MODERN FORENSICS PROVES ANCIENT EGYPTIAN KING WAS MURDERED
December 18, 2012
(INTERNATIONAL) -- Chalk up another crime solved to modern forensics. And in this case, the crime that was solved happened over 1,000 years before the birth of Christ
Mummy of Egyptian King Ramesses III. Note resin-impregnated bandages about the neck. They solidified over time into a hard, shell-like substance preventing deep slash wound from being seen. CLICK TO ENLARGE
Researchers, working out of the Egyptian Museum in Cairo where the ancient bodies of pharaohs are kept, ran some CT scans and DNA tests on some royal mummies.
And what they found was evidence of a murder.
They discovered that conspirators murdered Egyptian King Ramesses III by slitting his throat.
They know this because the first CT scans to examine the king's mummy revealed a cut to his neck deep enough to be fatal – a crime secret that had been hidden for centuries by the bandages covering the mummy's throat; bandages that could not be removed due to the need to preserve the mummy in tact.
The new research may bring to an end one of the controversies surrounding his death – namely how he died.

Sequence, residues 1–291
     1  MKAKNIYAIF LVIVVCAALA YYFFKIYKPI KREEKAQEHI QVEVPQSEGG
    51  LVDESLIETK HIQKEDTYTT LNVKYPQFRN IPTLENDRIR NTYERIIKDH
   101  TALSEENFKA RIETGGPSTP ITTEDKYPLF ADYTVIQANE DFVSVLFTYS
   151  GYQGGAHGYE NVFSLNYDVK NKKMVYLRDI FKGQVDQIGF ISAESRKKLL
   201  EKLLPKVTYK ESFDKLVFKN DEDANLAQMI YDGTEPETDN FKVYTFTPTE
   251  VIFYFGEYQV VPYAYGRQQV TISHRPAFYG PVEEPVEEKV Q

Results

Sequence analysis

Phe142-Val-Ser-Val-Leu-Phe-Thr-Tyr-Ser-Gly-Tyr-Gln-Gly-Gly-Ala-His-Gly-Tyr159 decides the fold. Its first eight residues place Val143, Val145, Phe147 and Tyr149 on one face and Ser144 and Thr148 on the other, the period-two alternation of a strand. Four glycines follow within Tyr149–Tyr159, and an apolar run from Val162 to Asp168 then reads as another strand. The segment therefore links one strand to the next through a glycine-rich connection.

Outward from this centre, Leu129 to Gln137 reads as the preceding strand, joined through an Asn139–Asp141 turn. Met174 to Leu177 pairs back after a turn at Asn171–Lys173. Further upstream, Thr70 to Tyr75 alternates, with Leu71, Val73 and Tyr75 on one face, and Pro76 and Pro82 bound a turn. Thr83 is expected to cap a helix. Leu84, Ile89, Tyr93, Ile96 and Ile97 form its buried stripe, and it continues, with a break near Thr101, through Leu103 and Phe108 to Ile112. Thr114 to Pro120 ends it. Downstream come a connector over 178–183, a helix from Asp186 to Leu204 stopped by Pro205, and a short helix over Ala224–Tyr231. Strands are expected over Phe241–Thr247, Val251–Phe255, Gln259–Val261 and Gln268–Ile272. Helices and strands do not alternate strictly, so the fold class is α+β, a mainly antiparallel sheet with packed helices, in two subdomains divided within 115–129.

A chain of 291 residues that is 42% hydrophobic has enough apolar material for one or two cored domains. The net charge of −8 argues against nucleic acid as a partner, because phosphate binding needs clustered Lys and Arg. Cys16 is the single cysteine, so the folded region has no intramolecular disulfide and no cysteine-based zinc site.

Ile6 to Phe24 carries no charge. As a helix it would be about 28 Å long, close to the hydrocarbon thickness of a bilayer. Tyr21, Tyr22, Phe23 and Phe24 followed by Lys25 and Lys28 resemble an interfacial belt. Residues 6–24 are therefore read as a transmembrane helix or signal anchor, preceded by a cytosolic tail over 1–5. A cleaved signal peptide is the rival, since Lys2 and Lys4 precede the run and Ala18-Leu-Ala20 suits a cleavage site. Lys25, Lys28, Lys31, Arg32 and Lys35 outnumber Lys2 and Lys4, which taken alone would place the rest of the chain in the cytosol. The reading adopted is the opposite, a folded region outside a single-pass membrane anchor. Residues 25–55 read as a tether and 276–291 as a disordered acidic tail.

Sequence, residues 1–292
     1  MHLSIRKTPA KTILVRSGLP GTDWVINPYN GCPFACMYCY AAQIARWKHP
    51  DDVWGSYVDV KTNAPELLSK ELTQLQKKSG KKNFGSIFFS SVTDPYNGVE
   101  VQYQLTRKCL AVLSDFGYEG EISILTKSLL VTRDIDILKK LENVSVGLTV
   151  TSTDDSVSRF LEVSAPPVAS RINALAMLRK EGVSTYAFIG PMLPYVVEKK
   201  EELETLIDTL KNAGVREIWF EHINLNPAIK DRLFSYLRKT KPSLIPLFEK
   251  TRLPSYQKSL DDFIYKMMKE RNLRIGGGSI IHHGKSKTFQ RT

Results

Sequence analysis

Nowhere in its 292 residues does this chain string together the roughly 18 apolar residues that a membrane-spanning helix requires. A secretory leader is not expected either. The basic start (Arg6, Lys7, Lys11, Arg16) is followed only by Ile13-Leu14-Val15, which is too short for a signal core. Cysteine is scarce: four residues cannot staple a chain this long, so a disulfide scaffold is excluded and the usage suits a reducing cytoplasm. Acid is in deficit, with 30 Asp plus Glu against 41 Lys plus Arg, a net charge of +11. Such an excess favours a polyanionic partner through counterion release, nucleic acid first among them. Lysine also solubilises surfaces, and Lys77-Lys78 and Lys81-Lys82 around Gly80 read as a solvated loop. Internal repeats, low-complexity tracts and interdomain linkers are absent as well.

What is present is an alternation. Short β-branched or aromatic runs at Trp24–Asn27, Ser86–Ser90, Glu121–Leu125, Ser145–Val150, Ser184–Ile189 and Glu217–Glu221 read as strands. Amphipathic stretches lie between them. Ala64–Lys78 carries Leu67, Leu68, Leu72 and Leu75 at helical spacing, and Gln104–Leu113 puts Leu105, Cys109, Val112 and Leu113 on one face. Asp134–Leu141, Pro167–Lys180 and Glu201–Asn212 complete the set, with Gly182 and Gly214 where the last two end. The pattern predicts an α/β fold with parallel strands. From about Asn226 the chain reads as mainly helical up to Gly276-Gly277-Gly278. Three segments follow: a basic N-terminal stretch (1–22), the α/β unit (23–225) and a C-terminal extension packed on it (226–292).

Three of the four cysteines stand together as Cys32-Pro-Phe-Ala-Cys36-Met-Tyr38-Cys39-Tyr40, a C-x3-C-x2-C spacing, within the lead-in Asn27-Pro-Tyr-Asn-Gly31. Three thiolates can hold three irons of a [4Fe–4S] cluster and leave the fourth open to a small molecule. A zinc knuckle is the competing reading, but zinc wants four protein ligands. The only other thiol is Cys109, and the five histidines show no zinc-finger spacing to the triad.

Ancient documents say that in 1155BC members of his harem attempted to kill him as part of a palace coup but it was never clear whether the assassination was successful. Some say it was, while other accounts at the time imply the ancient Pharaoh survived the attack, at least for a short while.
Scans of Ramesses III revealed a deep, 2.7 inch (7cm) wide wound to the throat just under the larynx.
Medical scientists say it was probably caused by a sharp blade and could have caused immediate death.
Ramesses III - the second Pharaoh of the 20th dynasty - is believed to have reigned from 1186 to 1155 BC. The discovery of papyrus trial documents show that in 1155 BC members of his harem made an attempt on his life as part of a palace coup.
The conspiracy was led by Tiye, one of his two known wives, and her son Prince Pentawere, over who would inherit the throne, but it is not clear whether the plot was successful or not.
The fate of Ramesses III has therefore long been the subject of debate among Egyptologists.
More on the research into the death of Ramesses can be found here